Don boosts of a fast paced narrative with one event logically leading to the next without the pace dropping at any point (in fact the pace seems to continuously pick up from one nail biting scene to the next), along with remarkably well etched characters. The contrast between Don and Vijay is cleverly crafted and Barot chooses to introduce each character in a simple, natural manner, without the traditional dramatic introduction sequences of the hero and heroine. Barot craftily interweaves several stories without distracting the viewer from the main plot and intersperses the songs at perfect intervals, ensuring the songs help carry the narrative forward. The screenplay is nearly flawless and dialogues are smart, leaving memorable dialogues like “Don ko pakadna mushkil nahin namumkin hai” and “mujhe uske joothe pasand nahin the” etched in the viewers memory much after watching the film.
Several scenes are extremely well crafted including the sequence in jail post Vijay’s attempts to reveal his true identity and Narang realizing that he is telling the truth, to the subsequent sequence in the police jeep where Vijay intentionally antagonizes Don’s gang in an attempt to engage a reaction and mastermind his escape. Another engaging sequence is Vijay and Roma’s get away leading up to Khaike Paan Banaraswala as is the climax which reveals the identity of the true criminal mastermind. Actually the film is filled with one memorable sequence after another.
Amitabh Bachchan is probably the only actor who can be the perfect Don and yet be the perfect Vijay in the same film, allowing the contrast of the characters’ personality to clearly emerge. What is remarkable about Bachchan’s performance is that he enacts both characters in a manner which ensures that neither are over the top or clichéd; he portrays Don in the most subtle, understated, stylish manner where he delivers dialogues without overacting and yet ensuring that they remember etched in the audiences mind and Vijay in a manner which brings across his simplicity and innocence and yet manages to exhibit a certain degree of intelligence and sheer courage. Zeenat Aman is the perfect mix of feminism and aggression which truly defines the character of Roma and no other actress would have fitted the bill of this character. Pran is superb in a role which makes the audiences hate him and empathize with him at the same time; hate him because you know his actions have led to a deeper grave being dug for Vijay and yet you know his motivations and intentions are not evil and that he is at the mercy of circumstance. The film is ably supported with strong performances by Iftikhar, Om Puri and Helen.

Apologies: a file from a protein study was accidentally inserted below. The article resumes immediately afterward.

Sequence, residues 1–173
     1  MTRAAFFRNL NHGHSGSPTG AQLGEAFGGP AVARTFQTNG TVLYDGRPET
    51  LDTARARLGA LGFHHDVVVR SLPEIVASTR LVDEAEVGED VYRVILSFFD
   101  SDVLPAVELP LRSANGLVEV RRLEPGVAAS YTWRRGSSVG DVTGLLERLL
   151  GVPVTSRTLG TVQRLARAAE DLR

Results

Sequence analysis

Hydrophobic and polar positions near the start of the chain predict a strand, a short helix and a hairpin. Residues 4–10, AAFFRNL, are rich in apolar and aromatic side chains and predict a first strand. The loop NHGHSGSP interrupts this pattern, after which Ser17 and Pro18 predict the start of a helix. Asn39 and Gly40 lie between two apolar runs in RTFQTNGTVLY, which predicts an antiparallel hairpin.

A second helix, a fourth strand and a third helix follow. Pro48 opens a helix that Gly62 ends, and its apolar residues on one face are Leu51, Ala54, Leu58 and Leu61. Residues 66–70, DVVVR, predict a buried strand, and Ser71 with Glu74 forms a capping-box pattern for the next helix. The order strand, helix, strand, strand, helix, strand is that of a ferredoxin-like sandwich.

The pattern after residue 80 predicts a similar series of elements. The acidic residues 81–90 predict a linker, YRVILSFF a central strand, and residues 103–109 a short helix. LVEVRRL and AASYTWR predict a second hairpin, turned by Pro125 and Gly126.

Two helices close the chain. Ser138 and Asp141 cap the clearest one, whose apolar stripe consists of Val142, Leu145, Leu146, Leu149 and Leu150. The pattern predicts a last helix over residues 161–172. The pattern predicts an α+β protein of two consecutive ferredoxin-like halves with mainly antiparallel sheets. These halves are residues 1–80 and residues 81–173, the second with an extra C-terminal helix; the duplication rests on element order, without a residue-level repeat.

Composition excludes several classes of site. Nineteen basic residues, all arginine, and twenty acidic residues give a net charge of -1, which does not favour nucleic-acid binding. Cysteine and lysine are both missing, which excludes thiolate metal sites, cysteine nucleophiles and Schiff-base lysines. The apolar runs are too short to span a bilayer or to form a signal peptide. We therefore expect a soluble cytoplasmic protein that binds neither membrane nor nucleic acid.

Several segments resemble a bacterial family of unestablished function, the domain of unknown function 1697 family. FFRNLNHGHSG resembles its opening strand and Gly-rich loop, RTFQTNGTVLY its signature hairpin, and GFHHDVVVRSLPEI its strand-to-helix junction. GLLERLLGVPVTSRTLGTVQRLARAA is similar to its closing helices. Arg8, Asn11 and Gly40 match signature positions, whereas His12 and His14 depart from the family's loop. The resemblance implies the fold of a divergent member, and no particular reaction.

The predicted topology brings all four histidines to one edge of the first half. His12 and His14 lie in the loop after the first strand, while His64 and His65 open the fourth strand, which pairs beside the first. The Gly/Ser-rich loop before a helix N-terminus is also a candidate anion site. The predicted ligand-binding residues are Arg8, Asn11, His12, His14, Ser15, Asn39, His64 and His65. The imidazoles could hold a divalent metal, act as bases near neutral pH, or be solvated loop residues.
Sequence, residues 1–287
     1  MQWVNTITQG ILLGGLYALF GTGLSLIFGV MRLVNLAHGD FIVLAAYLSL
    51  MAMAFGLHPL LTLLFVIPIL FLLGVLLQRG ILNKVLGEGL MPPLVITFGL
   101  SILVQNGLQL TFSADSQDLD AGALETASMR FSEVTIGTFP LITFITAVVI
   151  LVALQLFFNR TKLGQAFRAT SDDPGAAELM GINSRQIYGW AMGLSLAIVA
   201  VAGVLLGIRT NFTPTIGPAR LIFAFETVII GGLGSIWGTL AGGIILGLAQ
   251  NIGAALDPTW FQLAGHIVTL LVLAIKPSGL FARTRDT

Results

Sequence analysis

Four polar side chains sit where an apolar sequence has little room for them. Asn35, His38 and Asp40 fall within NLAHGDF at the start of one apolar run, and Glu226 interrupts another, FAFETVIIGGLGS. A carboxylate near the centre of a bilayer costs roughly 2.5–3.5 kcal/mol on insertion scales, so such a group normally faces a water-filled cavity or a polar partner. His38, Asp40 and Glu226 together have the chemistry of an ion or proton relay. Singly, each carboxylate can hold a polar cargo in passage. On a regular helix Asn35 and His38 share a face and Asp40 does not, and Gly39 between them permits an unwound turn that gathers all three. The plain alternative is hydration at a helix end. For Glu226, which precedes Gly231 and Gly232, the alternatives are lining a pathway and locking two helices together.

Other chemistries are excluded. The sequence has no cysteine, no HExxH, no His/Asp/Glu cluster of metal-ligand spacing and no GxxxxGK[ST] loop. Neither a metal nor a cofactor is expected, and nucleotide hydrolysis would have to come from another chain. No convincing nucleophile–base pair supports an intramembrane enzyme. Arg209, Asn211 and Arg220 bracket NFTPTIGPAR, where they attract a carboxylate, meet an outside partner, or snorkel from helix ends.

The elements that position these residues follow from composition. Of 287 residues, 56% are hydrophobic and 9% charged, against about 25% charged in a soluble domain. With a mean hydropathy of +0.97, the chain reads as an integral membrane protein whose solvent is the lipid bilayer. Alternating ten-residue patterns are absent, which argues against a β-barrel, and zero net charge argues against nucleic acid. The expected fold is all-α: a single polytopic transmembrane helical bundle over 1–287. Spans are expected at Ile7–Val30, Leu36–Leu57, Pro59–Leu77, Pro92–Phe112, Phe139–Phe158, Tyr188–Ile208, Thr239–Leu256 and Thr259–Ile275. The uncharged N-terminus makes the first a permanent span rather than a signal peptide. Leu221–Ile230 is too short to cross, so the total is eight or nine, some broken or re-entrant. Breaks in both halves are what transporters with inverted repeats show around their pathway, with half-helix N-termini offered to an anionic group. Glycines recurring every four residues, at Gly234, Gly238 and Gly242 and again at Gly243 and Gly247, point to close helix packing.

Here is a film which in spite of being a masala fair, is not just entertaining but reminds the audiences that a good script, great direction and strong performances are the backbones of good cinema.